Whitmer: We were getting so much inconsistent messaging from the federal government and we hadn’t seen it occur in Michigan at that juncture. Now, the next day were the first two cases. And that’s when everything went to hyper-speed. But, you know, I’ve thought about that evening, because I’d told people, “We’ve got this virus. We’ve got to stop shaking hands.” We’re doing fist bumps, doing elbow bumps. You know, people were kind of teasing me about it, because they say, “Oh, I can shake your hand,” you know? I think that the inconsistent messaging and the lackadaisical attitude at the national level really undermined the seriousness of the issue for a lot of people. I think it still is.
Dovere: If you could go back in time and talk to yourself the morning of that rally, would you have said to cancel it?
Whitmer: I would say: Start buying every N95 mask I could get my hands on. I would say: Start shutting things down immediately. You know, despite all that, we’ve been more on the aggressive side and have moved faster than a lot of states. And each of those decisions has hurt. It weighs on you. You worry about people losing their jobs and not having money, and businesses that may not open again, and kids that you’re pulling out of school. And even at that juncture, there was conflicting advice even in the medical community.
Dovere: In 2018, when you were running in your primary, single-payer health care was an issue. You were not for it. Your primary opponent, whom you beat by quite a lot, was for it. Has anything over the last couple weeks made you think differently about that question or other questions about health-care access from where you were before this outbreak began?
Whitmer: I’ve always been for getting everyone covered. The debate in my primary, I thought, was not an honest one, because the state isn’t going to do this on our own. The ability for a governor who’s going in with a Republican legislature—I couldn’t tell people I can single-handedly do something that I know I couldn’t do. I just don’t think it’s intellectually honest. And that’s precisely why I took a more thoughtful approach to the same goal, which is getting more people covered.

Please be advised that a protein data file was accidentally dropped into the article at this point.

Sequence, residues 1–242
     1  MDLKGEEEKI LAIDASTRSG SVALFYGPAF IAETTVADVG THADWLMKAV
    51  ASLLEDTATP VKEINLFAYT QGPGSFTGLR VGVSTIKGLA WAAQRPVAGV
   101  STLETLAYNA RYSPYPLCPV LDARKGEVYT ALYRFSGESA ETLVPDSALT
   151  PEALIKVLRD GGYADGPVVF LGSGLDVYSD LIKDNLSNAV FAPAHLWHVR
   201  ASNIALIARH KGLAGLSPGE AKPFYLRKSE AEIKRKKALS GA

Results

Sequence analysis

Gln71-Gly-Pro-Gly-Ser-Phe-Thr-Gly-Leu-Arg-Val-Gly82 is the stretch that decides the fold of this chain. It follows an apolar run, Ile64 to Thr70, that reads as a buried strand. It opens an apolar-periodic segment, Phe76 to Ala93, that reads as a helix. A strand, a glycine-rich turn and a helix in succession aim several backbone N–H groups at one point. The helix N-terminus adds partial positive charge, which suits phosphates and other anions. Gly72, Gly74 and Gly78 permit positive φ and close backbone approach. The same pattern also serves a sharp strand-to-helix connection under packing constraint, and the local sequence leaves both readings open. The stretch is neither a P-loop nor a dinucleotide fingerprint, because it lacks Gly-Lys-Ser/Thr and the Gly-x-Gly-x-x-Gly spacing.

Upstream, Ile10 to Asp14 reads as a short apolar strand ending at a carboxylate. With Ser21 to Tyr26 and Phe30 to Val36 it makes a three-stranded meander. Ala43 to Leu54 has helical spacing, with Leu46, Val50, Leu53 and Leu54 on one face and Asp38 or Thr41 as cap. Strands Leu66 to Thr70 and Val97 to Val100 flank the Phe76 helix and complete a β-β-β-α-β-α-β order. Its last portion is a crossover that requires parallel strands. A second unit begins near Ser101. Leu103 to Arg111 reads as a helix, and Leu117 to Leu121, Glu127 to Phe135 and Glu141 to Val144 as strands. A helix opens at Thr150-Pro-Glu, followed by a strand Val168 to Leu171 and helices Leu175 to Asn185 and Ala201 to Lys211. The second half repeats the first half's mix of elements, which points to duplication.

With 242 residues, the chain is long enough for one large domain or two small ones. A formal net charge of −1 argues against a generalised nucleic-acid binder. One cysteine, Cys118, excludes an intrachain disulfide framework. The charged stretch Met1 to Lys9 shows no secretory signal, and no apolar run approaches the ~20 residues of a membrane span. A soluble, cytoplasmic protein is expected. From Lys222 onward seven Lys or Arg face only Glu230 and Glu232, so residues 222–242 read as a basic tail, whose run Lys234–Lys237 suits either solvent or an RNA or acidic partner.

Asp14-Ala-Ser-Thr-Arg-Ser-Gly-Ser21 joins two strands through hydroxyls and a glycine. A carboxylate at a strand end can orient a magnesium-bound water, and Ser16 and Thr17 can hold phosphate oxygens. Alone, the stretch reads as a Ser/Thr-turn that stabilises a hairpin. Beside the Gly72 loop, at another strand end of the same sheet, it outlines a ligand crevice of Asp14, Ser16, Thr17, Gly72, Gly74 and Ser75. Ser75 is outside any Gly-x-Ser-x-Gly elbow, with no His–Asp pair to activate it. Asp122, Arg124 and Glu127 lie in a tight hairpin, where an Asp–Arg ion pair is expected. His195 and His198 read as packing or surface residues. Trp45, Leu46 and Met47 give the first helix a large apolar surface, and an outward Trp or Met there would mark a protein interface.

Dovere: It’s impossible to talk with you about what’s going on here without getting into what your relationship has been with President Trump. He doesn’t want to talk to you. If you were on a call with him right after this one, what would you say to him to try to break through?
Whitmer: You know, it’s interesting. He did call me on Tuesday. And you know, I just reiterated: I don’t want to fight. We need to join together in the fight against COVID-19. We can’t afford to fight each other. We all have to be fighting this virus. And so I would say: Thank you for the 400 ventilators that FEMA sent. I’d say: I need about 5,000 more immediately. Every one of us has a job to do here. And the federal government, I think, really should be taking more of a national strategy. Having this patchwork of policies makes it more porous in terms of our ability to fight COVID-19 as a nation. We need to focus on bringing manufacturing back into the United States. We’re waiting on swabs from Italy and masks from China. Global trade is not all bad, but the fact of the matter is, we are at a disadvantage in terms of fighting COVID-19. And I would say we need to deploy the Defense Production Act in a meaningful, real way to meet the needs of Americans right now. These are the things I’ve said consistently on television. I’ve seen other governors say essentially the same thing and not have the same reaction. I’m not going to spend a lot of energy analyzing the difference there. But I will just say this: I’m doing my job and I’m doing the same job that governors across the country are doing. We are trying, in this untenable environment, to do as much as we can for the people we serve.